Of the two cameras under consideration, the Canon R5 C features a full frame sensor and the Canon SX400 a 1/2.3-inch sensor. The sensor area in the SX400 is 97 percent smaller. As a result of these sensor size differences, the cameras have a format factor of, respectively, 1.0 and 5.6. The sensor in the R5 C has a native 3:2 aspect ratio, while the one in the SX400 offers a 4:3 aspect.
In terms of chip-set technology, the R5 C uses a more advanced image processing engine (DIGIC X) than the SX400 (DIGIC 4+), with benefits for noise reduction, color accuracy, and processing speed.
With 44.8MP, the R5 C offers a higher resolution than the SX400 (15.9MP), but the R5 C nevertheless has larger individual pixels (pixel pitch of 4.39μm versus 1.33μm for the SX400) due to its larger sensor. Moreover, the R5 C is a much more recent model (by 7 years and 5 months) than the SX400, and its sensor will have benefitted from technological advances during this time that further enhance the light gathering capacity of its pixels. Coming back to sensor resolution, it should be mentioned that the SX400 has no anti-alias filter installed, so that it can capture all the detail its sensor resolves.
The resolution advantage of the Canon R5 C implies greater flexibility for cropping images or the possibility to print larger pictures. The maximum print size of the R5 C for good quality output (200 dots per inch) amounts to 41 x 27.3 inches or 104 x 69.4 cm, for very good quality (250 dpi) 32.8 x 21.9 inches or 83.2 x 55.5 cm, and for excellent quality (300 dpi) 27.3 x 18.2 inches or 69.4 x 46.3 cm. The corresponding values for the Canon SX400 are 23 x 17.3 inches or 58.5 x 43.9 cm for good quality, 18.4 x 13.8 inches or 46.8 x 35.1 cm for very good quality, and 15.4 x 11.5 inches or 39 x 29.3 cm for excellent quality prints.
The R5 C has on-sensor phase detect pixels, which results in fast and reliable autofocus acquisition even during live view operation.
The Canon EOS R5 C has a native sensitivity range from ISO 100 to ISO 51200, which can be extended to ISO 50-102400. The corresponding ISO settings for the Canon PowerShot SX400 IS are ISO 100 to ISO 1600 (no boost).
In terms of underlying technology, the R5 C is build around a CMOS sensor, while the SX400 uses a CCD imager. Both cameras use a Bayer filter for capturing RGB colors on a square grid of photosensors. This arrangement is found in most digital cameras.
Since 2007, DXO Mark has published sensor performance measurements that have been derived using a consistent methodology. This service determines an overall sensor rating, as well as sub-scores for low-light sensitivity ("DXO Sports"), dynamic range ("DXO Landscape"), and color depth ("DXO Portrait"). The following table provides an overview of the physical sensor characteristics, as well as the sensor quality measurements for a selection of comparators.
|1.||Canon R5 C||Full Frame||44.8||8192||5464||8k/60p||25.4||14.5||3082||96|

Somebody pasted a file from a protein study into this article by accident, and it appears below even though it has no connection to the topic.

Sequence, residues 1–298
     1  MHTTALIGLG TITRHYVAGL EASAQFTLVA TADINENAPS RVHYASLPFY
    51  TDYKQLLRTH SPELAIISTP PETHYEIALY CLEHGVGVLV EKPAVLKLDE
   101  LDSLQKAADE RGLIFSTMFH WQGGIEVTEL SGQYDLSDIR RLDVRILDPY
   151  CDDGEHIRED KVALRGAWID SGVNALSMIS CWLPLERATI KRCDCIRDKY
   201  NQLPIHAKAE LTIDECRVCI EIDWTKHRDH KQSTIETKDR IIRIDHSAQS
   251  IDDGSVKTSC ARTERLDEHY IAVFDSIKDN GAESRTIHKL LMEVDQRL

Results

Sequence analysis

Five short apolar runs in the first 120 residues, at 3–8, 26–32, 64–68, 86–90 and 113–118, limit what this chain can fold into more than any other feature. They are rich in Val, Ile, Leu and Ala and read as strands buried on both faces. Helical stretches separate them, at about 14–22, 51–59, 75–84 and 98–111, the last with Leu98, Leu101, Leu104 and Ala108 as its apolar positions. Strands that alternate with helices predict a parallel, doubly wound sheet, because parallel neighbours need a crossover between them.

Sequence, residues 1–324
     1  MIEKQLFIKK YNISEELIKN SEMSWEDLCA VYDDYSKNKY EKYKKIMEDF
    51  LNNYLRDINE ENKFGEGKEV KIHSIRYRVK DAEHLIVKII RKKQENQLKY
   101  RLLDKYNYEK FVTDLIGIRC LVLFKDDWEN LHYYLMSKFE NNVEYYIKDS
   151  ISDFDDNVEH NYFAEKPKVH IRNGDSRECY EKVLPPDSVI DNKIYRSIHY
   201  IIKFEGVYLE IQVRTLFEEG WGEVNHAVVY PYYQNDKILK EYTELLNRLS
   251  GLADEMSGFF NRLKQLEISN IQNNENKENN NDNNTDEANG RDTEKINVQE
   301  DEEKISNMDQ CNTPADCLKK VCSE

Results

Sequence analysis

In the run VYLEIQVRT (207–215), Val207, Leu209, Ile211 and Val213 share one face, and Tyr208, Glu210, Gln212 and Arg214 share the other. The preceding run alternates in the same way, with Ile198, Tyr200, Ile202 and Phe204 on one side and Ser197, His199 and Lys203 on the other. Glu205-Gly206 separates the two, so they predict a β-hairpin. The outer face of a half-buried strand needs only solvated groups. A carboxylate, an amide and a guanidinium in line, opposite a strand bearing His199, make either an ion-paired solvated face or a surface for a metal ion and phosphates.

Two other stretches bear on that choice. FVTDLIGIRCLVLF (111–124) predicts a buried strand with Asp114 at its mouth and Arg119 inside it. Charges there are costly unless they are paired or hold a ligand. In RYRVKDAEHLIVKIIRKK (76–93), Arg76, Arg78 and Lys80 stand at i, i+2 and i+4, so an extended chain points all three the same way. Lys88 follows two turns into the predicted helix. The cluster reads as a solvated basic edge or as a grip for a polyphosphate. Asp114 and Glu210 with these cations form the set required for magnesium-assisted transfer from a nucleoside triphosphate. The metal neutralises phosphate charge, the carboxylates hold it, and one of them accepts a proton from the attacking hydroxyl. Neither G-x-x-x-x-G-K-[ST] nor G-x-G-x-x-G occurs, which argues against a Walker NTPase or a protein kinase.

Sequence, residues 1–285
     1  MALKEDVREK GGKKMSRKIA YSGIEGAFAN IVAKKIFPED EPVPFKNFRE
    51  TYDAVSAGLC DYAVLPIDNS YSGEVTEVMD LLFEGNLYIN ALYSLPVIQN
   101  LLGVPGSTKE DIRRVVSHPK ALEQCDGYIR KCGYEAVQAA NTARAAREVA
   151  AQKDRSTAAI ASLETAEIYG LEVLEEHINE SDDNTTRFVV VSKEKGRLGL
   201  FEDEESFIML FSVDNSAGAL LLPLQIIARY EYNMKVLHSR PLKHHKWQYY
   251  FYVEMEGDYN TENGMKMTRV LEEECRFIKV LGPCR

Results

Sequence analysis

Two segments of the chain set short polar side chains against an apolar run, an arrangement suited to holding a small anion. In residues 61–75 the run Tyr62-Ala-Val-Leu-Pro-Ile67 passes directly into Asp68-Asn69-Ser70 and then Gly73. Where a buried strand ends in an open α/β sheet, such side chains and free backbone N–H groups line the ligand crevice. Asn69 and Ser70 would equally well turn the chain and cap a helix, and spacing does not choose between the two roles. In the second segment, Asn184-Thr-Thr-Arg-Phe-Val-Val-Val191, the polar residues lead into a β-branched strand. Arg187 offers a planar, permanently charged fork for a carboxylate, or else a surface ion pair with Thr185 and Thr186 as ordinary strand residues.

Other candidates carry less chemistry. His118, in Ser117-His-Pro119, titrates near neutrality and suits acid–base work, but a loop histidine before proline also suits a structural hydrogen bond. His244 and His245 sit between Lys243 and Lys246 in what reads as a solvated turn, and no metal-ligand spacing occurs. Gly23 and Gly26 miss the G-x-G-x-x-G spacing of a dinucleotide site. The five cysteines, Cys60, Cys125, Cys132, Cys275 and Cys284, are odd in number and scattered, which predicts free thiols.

|3.||Canon R6 Mark II||Full Frame||24.0||6000||4000||4k/60p||25.4||14.6||3154||96|
|4.||Canon R5||Full Frame||44.8||8192||5464||8K/30p||25.3||14.6||3042||95|
|5.||Canon R6||Full Frame||20.0||5472||3648||4k/60p||24.2||14.3||3394||90|
|6.||Canon R||Full Frame||30.1||6720||4480||4K/30p||24.5||13.5||2742||89|
|7.||Canon 5DS||Full Frame||50.3||8688||5792||1080/30p||24.7||12.4||2381||87|
|8.||Canon 5DS R||Full Frame||50.3||8688||5792||1080/30p||24.6||12.4||2308||86|
|14.||Fujifilm GFX 50R||Medium Format||51.1||8256||6192||1080/30p||25.7||14.4||3169||98|
|15.||Leica M10-R||Full Frame||40.9||7864||5200||none||25.3||14.3||2924||95|
|16.||Leica Q2||Full Frame||46.7||8368||5584||4K/30p||26.4||13.5||2491||96|
|17.||Leica M-E Typ 240||Full Frame||23.7||5952||3976||1080/25p||25.2||14.2||2821||94|
|Note: DXO values in italics represent estimates based on sensor size and age.|
Many modern cameras are not only capable of taking still images, but can also record movies. The two cameras under consideration both have sensors whose read-out speed is fast enough to capture moving pictures, but the R5 C provides a higher video resolution than the SX400. It can shoot video footage at 8k/60p, while the SX400 is limited to 720/30p.
Apart from body and sensor, cameras can and do differ across a range of features. For example, the R5 C has an electronic viewfinder (5760k dots), which can be very helpful when shooting in bright sunlight. In contrast, the SX400 relies on live view and the rear LCD for framing. The following table reports on some other key feature differences and similarities of the Canon R5 C, the Canon SX400, and comparable cameras.
|1.||Canon R5 C||5760||Y||3.2 / 2100||swivel||Y||1/8000s||12.0/s||n||n|
|2.||Canon SX400||none||n||3.0 / 230||fixed||n||1/1600s||0.8/s||Y||Y|
|3.||Canon R6 Mark II||3690||n||3.0 / 1620||swivel||Y||1/8000s||12.0/s||n||Y|
|4.||Canon R5||5760||Y||3.2 / 2100||swivel||Y||1/8000s||12.0/s||n||Y|
|5.||Canon R6||3690||n||3.0 / 1620||swivel||Y||1/8000s||12.0/s||n||Y|
|6.||Canon R||3690||Y||3.2 / 2100||swivel||Y||1/8000s||8.0/s||n||n|
|7.||Canon 5DS||optical||Y||3.2 / 1040||fixed||n||1/8000s||5.0/s||n||n|
|8.||Canon 5DS R||optical||Y||3.2 / 1040||fixed||n||1/8000s||5.0/s||n||n|
|9.||Canon SX410||none||n||3.0 / 230||fixed||n||1/4000s||0.5/s||Y||Y|